JOLO, Philippines, AFP
The number of civilians displaced by a military offensive against a band of Muslim gunmen holding 17 hostages in the southern Philippines has risen to 88,805, the military said Sunday.
As fighting entered its third week and troops continued their ground and air assault against the Abu Sayyaf in at least five municipalities on the island of Jolo, thousands of villagers packed schools converted into evacuation centers in deplorable conditions, health workers said.
Major General Narciso Abaya, who commands the 4,000-strong force involved in the operation, said relief operations to assist the evacuees were ongoing.
“It’s not yet time to declare a state of calamity in Jolo,” Abaya told reporters here despite earlier complaints by volunteers that food and medicine supplies were dwindling fast.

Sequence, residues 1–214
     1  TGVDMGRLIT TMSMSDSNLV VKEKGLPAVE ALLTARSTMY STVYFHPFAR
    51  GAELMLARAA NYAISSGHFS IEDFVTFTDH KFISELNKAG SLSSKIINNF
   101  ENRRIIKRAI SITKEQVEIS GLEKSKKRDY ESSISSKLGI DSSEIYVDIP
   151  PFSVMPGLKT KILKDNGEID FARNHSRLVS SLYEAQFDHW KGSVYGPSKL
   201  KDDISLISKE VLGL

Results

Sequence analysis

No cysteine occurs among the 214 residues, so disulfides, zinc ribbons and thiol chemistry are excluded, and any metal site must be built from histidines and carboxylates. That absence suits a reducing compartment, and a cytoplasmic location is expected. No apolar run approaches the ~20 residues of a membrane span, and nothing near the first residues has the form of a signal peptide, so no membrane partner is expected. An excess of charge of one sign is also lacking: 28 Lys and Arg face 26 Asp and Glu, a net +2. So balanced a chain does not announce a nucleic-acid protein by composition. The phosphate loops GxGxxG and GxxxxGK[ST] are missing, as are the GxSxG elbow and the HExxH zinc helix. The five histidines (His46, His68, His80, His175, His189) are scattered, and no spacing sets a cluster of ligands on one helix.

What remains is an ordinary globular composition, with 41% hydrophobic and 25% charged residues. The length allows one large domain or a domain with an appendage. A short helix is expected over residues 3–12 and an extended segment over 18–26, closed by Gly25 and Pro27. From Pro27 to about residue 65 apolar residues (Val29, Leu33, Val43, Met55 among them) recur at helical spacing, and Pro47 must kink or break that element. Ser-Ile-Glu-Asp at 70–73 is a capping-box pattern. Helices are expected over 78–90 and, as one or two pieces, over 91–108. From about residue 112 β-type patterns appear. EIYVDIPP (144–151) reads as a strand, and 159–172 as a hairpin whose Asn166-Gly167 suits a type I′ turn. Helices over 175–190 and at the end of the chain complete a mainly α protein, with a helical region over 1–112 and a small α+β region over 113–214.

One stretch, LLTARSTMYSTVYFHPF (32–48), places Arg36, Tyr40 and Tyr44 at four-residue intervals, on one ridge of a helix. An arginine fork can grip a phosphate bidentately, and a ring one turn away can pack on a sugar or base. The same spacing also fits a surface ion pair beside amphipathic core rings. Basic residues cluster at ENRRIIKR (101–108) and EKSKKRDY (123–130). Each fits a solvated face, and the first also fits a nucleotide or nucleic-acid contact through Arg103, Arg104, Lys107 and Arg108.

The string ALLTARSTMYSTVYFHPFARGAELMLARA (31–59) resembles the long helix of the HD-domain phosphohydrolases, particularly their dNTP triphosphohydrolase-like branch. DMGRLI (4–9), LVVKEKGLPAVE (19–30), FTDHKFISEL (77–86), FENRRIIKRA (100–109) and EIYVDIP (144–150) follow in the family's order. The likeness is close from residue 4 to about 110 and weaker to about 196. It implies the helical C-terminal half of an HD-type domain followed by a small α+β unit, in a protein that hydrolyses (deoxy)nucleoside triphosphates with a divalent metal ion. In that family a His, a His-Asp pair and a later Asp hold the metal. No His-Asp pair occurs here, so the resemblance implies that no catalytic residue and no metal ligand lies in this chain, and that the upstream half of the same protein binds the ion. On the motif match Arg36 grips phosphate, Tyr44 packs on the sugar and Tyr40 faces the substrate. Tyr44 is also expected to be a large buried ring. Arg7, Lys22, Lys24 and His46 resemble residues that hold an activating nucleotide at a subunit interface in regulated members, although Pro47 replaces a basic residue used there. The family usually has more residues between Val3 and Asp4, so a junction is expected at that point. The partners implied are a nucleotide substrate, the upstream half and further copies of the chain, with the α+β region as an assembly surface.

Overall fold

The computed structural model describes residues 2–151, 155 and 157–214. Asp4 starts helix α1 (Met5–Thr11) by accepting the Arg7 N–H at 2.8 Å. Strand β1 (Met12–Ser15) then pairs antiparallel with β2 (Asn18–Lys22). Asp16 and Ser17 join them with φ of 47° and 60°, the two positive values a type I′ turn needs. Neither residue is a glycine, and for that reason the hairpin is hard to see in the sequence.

Red Cross volunteers who visited several camps last week warned of a possible outbreak of disease due to a lack of medical supplies, water and proper sanitation.
They said seven children died of diarrhea last week, with hundreds of other civilians believed to be trapped in the crossfire.
Truckloads of evacuees streamed into the capital town of Jolo on Sunday as the military unleashed a torrent of bombs and artillery fire on an Abu Sayyaf mountain lair, witnesses said.
Looking haggard, they carried sacks stuffed with their belongings, but refused to be interviewed by reporters.
Red Cross officials earlier said they were stepping up efforts to aid the evacuees, and that additional food and medicine would be airlifted from Manila in the coming week.